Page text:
High winds send practice runs indoors

High winds forced opening ceremonies indoors. Shell Oil Company President Marvin Odum welcomed the students to the historic home of the US auto industry, praising their commitment to innovation and engineering excellence. In his own welcome, Detroit Mayor Michael Duggan noted that a man named Henry Ford built his first car just a few blocks away, and tested it on the same city streets they’ll drive during the weekend’s competitions.

Test runs and inspections

Weather kept those streets off limits for the first day.  Fortunately the cavernous center accommodates a full track in addition to space for all the competitors’ cars and equipment. The 20 teams whose cars had already cleared technical and safety inspection lined up for early test drives immediately after the morning’s events.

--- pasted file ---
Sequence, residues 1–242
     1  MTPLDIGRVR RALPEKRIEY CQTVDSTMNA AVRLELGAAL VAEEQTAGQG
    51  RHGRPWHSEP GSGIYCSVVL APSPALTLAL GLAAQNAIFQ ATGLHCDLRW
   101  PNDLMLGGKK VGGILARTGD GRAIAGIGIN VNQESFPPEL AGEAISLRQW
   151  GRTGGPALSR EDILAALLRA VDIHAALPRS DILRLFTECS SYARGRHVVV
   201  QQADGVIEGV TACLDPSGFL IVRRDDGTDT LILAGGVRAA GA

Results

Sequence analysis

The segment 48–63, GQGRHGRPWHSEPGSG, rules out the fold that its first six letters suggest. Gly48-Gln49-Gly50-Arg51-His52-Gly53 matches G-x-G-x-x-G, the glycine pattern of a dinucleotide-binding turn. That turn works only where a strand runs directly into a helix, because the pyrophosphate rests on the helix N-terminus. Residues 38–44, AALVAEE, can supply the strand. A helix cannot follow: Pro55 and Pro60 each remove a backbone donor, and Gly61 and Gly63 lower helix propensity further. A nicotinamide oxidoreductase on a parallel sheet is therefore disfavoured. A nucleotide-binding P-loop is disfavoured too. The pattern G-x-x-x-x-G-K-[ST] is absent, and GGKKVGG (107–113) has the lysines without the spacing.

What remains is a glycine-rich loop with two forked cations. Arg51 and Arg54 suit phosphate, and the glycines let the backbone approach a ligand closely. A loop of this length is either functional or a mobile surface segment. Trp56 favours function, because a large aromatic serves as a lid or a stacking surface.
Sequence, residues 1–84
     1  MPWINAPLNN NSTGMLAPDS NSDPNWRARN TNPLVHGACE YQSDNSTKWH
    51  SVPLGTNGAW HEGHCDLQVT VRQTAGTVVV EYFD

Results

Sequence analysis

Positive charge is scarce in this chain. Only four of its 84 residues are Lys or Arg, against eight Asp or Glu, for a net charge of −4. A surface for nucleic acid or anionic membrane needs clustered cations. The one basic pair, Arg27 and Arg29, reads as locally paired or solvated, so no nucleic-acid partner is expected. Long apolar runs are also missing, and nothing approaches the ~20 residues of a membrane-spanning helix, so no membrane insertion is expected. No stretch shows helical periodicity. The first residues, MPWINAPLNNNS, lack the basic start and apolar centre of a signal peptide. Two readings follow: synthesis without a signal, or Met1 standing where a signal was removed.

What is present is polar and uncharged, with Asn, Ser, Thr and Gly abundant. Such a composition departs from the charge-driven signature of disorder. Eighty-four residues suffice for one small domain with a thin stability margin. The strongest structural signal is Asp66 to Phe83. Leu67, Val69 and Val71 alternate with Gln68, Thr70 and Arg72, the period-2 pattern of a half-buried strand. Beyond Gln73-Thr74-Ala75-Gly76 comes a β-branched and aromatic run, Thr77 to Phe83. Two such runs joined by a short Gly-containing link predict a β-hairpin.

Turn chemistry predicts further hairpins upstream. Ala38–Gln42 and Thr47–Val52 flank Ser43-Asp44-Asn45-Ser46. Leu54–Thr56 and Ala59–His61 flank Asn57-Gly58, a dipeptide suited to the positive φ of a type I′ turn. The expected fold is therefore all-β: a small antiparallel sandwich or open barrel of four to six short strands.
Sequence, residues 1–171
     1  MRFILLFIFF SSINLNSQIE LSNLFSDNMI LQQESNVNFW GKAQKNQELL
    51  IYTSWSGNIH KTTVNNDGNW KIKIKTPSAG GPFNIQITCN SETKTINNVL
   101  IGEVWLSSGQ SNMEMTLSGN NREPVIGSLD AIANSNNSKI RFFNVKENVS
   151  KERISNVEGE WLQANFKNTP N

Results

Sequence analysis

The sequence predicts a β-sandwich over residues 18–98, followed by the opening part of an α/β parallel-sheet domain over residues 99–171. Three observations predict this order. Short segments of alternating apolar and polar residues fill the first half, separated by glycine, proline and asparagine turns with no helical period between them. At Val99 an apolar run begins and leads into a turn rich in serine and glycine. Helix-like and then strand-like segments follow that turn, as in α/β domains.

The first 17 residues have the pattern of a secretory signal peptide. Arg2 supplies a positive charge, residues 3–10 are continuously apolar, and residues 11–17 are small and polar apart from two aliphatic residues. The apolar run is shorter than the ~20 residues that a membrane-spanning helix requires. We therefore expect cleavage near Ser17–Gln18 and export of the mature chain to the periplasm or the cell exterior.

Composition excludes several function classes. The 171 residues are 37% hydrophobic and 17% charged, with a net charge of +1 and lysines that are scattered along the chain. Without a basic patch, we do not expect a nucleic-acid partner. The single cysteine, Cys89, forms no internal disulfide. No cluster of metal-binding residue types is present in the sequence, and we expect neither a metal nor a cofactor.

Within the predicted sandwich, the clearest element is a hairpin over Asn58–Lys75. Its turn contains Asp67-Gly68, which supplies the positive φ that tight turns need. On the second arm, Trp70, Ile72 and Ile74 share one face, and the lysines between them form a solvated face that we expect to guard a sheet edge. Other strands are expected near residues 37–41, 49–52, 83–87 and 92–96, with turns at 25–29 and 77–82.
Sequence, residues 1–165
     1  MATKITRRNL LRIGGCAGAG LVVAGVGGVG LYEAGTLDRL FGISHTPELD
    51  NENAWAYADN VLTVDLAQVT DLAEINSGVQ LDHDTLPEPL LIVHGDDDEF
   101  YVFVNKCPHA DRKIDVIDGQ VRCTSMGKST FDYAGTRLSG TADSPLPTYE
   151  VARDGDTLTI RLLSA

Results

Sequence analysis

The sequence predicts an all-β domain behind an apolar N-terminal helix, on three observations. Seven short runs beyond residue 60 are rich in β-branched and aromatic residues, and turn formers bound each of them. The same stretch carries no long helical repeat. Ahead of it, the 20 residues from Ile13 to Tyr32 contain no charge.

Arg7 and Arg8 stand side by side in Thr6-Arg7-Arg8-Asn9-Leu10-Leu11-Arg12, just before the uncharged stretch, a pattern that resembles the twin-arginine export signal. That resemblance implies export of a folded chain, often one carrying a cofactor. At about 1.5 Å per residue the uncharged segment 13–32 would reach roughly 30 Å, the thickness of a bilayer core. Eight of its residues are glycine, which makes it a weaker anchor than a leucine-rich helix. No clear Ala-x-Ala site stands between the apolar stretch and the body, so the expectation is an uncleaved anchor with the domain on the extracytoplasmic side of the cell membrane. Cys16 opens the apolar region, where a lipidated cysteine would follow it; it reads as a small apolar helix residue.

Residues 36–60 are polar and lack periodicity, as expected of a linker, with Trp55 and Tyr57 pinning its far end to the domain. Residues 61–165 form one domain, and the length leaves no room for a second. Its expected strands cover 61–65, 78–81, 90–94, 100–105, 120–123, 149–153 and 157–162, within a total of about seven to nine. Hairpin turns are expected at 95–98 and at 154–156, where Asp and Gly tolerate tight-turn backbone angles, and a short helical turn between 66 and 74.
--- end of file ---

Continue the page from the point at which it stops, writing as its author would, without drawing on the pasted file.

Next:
Those with work to do headed back to their paddocks and cars to make tweaks, adjustments and, in some cases, major work ahead of technical inspection. Shell Eco-marathon Americas Technical Director Adrian Juergens is in charge of those inspections.  “So far, brakes, visibility and fuel are the problem areas,” he says. And safety, as always, is first priority: “We’re checking the driver’s safety restraints more closely than ever this year.”